• Exercise or do something active to increase the dopamine in the brain before beginning (snacks and water help too).
  • Use a whiteboard and don’t erase the previous approach
  • If your child/teen is still struggling then try to change the environment, change the task or change the expectations.

In coaching, we often start by helping teens become aware of how their ADHD is showing up in school. Once they identify that it is really the way their brain functions that is making “x” or “y” difficult, then they are better able to look at it objectively and figure out a strategy that might help. If they continue to do things the way they have always done them, there can be no change. It is only when they start to think about their thinking, that they can really help themselves.

5 Gifts to Give Your Child For School

magic smallIt’s getting close to the start of school and you can feel the emotions in the air. There is excitement, fear, uncertainty, anticipation, restlessness, and worry and that’s just from the moms! I am guessing that some students are feeling the same emotions. Yes, there is always a bit of fear of the unknown but for kids that have had a “bad experience” going back to school can be scary and demoralizing. As a parent you hope this year will be different and that your son or daughter will get a teacher that understands him/her and can actually help them develop strategies that will get their homework done in a reasonable time and teach them to learn. That’s not too much to ask, is it?

Gift 1: First up is to decide whether or not to tell the new teacher all about your child’s struggles and challenges before she even meets him or her? Or do you wait a bit and then provide the teacher with the effective strategies your child developed with last year’s teacher? To tell or not to tell, that is the question. Is it better for your child to have a clean slate and to make their strengths and weaknesses known on their own terms to the new teacher or to provide the teacher with the outside testing, recommendations, and a record of their failings from the past year? Having taught for over 18 years, I just want to say that your child deserves to be recognized for who they are….right at this moment and not who they were last year. As hard as teachers try, they cannot help being overwhelmed by the start of the new year and the many notes and emails from parents tends to “cloud” their perception.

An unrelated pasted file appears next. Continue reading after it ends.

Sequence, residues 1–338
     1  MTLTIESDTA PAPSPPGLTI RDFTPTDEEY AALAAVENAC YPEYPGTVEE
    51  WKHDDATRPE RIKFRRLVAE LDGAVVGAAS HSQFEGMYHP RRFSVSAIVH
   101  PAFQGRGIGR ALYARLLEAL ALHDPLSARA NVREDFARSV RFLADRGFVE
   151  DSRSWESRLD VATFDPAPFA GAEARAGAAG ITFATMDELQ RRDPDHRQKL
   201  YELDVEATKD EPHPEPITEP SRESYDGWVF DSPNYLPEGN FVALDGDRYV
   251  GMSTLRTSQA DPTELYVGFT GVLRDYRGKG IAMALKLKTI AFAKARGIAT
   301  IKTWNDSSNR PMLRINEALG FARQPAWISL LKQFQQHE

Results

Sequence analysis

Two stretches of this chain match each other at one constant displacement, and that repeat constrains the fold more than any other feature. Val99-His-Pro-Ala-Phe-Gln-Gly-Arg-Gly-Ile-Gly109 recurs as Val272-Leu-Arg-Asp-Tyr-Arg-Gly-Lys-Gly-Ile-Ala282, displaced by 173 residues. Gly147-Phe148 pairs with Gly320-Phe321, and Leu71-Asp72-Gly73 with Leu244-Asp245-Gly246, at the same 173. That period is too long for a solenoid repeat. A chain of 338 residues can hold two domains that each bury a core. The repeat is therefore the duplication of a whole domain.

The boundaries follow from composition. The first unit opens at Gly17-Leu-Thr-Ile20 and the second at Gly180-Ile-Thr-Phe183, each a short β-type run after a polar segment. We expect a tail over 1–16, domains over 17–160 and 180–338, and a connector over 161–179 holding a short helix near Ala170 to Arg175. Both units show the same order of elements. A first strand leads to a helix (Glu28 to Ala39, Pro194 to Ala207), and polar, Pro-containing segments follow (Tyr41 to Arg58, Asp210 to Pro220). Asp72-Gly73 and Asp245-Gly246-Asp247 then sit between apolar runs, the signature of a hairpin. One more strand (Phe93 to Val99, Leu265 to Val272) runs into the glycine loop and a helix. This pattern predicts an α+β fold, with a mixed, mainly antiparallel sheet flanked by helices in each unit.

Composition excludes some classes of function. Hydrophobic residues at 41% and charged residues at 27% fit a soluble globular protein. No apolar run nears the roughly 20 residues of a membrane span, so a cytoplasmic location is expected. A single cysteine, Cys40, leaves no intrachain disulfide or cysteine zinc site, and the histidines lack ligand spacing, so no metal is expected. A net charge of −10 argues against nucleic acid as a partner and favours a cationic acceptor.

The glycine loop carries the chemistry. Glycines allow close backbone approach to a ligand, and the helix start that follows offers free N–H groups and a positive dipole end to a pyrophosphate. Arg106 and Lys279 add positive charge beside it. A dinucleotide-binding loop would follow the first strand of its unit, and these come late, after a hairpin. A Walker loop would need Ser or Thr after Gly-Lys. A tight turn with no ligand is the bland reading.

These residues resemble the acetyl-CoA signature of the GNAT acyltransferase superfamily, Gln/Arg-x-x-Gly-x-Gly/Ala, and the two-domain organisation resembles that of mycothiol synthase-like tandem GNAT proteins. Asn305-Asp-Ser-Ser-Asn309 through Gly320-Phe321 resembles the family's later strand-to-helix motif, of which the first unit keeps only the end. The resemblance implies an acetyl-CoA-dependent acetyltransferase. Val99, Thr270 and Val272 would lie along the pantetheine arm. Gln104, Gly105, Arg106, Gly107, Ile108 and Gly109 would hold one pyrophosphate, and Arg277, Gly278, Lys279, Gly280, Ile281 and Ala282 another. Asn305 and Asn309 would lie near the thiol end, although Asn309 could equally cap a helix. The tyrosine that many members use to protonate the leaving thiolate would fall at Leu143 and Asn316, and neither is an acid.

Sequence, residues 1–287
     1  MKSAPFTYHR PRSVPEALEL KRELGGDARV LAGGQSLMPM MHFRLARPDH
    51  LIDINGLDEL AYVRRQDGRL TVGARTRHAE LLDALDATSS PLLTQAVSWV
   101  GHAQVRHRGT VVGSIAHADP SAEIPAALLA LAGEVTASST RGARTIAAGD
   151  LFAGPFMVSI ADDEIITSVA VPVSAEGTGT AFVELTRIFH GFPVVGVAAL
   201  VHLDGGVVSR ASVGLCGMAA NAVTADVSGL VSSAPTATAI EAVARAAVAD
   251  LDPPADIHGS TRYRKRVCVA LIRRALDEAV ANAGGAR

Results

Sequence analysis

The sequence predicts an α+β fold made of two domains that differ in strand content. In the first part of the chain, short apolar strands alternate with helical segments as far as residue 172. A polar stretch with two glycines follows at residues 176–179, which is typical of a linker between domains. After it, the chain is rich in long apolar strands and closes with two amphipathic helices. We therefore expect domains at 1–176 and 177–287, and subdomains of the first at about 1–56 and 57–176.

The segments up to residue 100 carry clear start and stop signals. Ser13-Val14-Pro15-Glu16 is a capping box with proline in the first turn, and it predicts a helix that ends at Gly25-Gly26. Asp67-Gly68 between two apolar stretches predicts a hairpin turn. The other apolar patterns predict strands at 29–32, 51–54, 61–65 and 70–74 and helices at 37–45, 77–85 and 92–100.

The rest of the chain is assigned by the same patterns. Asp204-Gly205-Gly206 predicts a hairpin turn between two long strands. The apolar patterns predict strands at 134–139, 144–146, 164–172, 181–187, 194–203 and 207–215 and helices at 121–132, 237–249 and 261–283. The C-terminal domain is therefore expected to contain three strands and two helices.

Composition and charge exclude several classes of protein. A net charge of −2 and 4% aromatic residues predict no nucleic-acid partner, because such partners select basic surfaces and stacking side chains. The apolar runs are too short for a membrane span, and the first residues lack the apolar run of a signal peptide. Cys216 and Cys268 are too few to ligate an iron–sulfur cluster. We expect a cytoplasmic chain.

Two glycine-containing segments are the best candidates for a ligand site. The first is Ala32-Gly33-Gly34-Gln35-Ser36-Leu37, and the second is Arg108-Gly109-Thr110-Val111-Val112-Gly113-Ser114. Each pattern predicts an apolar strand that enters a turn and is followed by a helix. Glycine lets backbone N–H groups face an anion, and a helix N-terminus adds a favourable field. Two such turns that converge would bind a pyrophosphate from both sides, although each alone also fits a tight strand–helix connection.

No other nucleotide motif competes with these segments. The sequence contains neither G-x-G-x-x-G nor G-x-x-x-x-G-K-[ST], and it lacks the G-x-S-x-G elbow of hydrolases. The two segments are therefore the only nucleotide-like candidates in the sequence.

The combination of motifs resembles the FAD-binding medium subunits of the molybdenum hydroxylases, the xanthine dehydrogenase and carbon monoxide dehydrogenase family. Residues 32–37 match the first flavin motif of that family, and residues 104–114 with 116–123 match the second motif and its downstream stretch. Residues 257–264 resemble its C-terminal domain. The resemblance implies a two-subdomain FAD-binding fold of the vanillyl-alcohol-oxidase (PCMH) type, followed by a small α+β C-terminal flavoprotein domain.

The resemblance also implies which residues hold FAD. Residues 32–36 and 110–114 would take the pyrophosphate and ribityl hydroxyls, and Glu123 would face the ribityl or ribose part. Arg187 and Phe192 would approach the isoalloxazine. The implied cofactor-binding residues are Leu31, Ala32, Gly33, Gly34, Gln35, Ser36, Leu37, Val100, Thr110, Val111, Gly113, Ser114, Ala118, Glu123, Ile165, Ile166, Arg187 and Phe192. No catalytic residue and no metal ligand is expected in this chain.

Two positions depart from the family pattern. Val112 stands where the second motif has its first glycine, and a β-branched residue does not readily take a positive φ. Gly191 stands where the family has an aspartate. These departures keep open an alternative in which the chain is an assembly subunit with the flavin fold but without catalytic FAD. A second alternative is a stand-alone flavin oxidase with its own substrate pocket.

Gift 2: Instead of waiting for the teacher to figure out what your child needs, help your child figure it out. For those students with ADHD and/or Executive Dysfunction challenges it is imperative that they understand that there is nothing “wrong” with them – their brain just thinks differently. They should have a basic understanding of how their ADHD “shows up” and begin to recognize what works and what doesn’t work for them. That way they can advocate for themselves or at least help the teacher figure out a better way to help them. Remember to tell them that it is neurobiological – about the level of the chemicals in their brain and not about them not being smart. ADHD brains are some of the smartest brains around (Richard Branson, Will Smith, Michael Jordan, Albert Einstein, Emma Watson, Zoey Deschanel, etc.) they are just wired differently. One caution, the simpler the strategy, the more likely it is ADHD friendly.

Gift 3: Another gift to give your child is that of a growth mindset. A Growth mindset as defined by Dr. Carol Dweck, “is based on the belief that your basic qualities are things you can cultivate through your efforts….everyone can change and grow through application and experience.” So, if something is hard, it is only because they haven’t learned it…..”YET!”  With effort they will be able to get it and that leaves their self-esteem intact. Whereas a fixed mindset, according to Dweck, ““Believing your qualities are carved in stone – the fixed mindset – creates an urgency to prove yourself over and over. “  So you strive for the good grades in order to feel good about yourself. Then when you do poorly on something, you feel like a failure. Your motivation dwindles because in this mindset, nothing you can do can improve your grade. You’re stuck in a fixed mindset.  (Click here to watch a YouTube video of Dr. Dweck)